3) “Man in the Middle” (MitM) attack
A MitM attack is one where a cybercriminal intercepts communication between two individuals to steal data. For example, an attacker could intercept data being passed from the victim’s device and the network on an unsecure WIFI network. The sender and recipient believe they are communicating directly with one another, but the cybercriminals can view all of the victim’s information without being noticed.
4) Denial of Service attack or Distributed Denial of Service attack (DDoS)
A denial-of-service attack floods systems, servers, or networks with traffic to exhaust resources and bandwidth. This results in the system being unable to fulfil legitimate requests. Attackers can use multiple compromised devices to launch the DDoS attack. A website crashing from an overload of demand is an example. The attack leaves the system unusable and prevents the organisation from carrying out vital functions.
IoT devices like industrial sensors are vulnerable to DDoS attacks, also enabling unauthorised access to data collection by the device. Given their numbers, geographic distribution, and often out-of-date operating systems, IoT (internet of things) devices are a prime target for cyberattacks.
5) Zero-day attacks
These attacks occur when a network vulnerability is announced but before a patch or solution is implemented. Attackers target the disclosed vulnerability during this window of time.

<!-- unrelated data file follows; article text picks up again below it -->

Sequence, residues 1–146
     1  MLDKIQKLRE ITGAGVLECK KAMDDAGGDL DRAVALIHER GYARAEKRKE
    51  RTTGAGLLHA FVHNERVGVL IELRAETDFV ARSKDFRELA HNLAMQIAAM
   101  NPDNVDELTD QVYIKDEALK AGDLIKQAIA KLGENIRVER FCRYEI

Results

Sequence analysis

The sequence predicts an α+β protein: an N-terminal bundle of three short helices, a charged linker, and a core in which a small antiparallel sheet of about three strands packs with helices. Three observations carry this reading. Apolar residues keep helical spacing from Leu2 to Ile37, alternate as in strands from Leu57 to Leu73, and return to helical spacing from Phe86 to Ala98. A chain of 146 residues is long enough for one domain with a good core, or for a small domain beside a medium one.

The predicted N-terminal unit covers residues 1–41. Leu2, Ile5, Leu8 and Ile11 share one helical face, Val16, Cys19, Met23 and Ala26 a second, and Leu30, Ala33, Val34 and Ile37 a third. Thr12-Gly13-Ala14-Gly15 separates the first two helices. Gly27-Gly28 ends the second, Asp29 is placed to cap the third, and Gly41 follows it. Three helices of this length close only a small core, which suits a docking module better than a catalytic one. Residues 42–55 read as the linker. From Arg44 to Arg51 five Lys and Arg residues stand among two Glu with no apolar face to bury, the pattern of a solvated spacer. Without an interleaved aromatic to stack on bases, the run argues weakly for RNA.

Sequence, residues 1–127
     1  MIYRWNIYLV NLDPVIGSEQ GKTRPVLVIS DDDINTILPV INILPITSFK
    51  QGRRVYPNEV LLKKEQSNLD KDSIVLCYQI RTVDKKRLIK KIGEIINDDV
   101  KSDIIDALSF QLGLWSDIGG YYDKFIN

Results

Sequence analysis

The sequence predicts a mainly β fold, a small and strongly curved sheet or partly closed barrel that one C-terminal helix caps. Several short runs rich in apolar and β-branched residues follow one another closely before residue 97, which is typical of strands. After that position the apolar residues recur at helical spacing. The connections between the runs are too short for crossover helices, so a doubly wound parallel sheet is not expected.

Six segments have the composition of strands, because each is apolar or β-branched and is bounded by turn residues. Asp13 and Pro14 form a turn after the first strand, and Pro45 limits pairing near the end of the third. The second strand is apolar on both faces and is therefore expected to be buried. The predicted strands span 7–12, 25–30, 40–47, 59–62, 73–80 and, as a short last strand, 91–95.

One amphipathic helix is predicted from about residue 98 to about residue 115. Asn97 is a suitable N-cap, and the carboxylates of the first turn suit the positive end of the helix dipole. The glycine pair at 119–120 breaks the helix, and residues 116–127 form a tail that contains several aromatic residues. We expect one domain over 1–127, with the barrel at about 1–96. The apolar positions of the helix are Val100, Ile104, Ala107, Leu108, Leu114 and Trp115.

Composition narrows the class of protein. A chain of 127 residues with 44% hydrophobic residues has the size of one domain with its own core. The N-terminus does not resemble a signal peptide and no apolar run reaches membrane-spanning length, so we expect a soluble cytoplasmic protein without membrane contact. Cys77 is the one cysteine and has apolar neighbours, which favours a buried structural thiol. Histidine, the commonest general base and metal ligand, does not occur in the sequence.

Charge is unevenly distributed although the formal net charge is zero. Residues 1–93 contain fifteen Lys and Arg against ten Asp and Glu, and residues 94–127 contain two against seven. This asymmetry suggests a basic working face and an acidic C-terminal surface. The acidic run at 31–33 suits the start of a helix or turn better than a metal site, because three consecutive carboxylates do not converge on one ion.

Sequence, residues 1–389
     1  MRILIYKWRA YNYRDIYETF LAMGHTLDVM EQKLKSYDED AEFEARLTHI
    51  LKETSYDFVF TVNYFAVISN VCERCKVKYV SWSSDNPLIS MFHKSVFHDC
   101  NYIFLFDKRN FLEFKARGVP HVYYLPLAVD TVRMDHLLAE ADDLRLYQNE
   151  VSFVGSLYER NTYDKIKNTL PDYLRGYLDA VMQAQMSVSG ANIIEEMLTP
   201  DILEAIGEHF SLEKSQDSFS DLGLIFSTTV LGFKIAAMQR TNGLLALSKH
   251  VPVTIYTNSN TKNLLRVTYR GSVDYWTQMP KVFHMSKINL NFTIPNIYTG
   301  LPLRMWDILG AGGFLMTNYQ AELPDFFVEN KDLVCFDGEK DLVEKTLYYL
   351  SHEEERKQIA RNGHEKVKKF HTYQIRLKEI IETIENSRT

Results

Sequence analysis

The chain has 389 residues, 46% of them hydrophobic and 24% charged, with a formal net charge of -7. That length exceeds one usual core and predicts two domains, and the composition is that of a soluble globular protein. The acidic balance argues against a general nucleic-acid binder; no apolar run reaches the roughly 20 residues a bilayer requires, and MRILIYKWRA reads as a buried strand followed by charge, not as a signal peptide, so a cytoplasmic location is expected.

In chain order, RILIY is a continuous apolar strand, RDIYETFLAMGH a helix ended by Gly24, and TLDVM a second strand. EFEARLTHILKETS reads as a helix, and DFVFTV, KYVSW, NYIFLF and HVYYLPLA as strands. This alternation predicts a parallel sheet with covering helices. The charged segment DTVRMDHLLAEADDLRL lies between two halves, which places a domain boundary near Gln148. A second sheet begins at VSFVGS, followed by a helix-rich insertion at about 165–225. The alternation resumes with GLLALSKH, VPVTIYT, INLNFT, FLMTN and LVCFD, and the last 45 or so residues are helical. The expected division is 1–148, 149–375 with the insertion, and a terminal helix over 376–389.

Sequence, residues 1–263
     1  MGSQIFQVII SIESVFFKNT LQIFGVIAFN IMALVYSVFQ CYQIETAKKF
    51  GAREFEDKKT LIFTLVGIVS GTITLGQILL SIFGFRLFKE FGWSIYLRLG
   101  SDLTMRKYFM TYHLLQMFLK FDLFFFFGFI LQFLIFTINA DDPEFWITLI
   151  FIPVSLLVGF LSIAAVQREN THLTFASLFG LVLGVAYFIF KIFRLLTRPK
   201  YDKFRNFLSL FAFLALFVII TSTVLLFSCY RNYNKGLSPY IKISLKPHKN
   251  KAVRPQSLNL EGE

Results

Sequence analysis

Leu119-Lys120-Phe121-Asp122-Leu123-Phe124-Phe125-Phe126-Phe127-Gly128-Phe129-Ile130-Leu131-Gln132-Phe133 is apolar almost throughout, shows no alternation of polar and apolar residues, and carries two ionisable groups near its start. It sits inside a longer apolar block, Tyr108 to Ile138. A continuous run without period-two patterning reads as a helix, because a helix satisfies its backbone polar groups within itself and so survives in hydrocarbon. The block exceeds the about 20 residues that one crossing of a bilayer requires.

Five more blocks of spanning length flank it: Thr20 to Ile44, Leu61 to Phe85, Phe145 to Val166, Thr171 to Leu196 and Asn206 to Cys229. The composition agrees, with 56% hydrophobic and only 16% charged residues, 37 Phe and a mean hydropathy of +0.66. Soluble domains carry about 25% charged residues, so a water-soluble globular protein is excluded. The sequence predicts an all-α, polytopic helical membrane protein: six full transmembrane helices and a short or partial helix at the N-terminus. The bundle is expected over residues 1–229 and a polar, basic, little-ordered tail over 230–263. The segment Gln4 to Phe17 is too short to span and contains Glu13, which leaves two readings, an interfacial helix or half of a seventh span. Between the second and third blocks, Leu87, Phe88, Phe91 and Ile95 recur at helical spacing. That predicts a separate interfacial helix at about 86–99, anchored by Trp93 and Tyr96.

6) SQL (structured language query) injection
An SQL injection is a cyberattack when an attacker inserts malicious code into a server. The attacker uses SQL and forces the server to reveal information it normally would not, and take control of and steal data from a database. The attacker can do this by simply submitting a malicious code into a vulnerable website’s search box.
Sources of cyber threats
In identifying a cyber threat, it might be more important to know who is behind the threat than knowing the technology or TTP (Tactics, Techniques and Procedures). TTPs will constantly evolve but there will always be someone who falls for a clever trick, and so there will always be someone with a motive. This is the real source of the cyber threat.
For example, in June 2016, SecureWorks revealed details of Russian Threat Group-4127 attacks on Hillary Clinton’s presidential campaign emails. In September, Bill Gertz of The Washington Times reported another cyberattack by presumed “hostile foreign actors” on Hillary Clinton’s emails. However, not all cyber threats come from foreign countries. Some of the common sources of cyber threats include those from nation states or governments, terrorists, industrial spies, organized crime groups, hacktivists and hackers, business competitors, or disgruntled insiders.
Cyber threat intelligence is necessary for enterprises
Advanced threat attackers like nation states, cybercriminals and cyber espionage actors are the greatest information security threat to enterprises today. Many businesses struggle to detect these threats due to their covert nature, resource sophistication, and intentional “low and slow” approach. The sophisticated, organised, and persistent attackers are often only discovered in the digital traces they leave behind. Therefore, enterprises need threat intelligence which can then leads to actionable insights, such as: What does the threat mean? How do you resist? What action should you take?
This article is contributed by Moses Ku, Manager (Engagement), IndSights Research.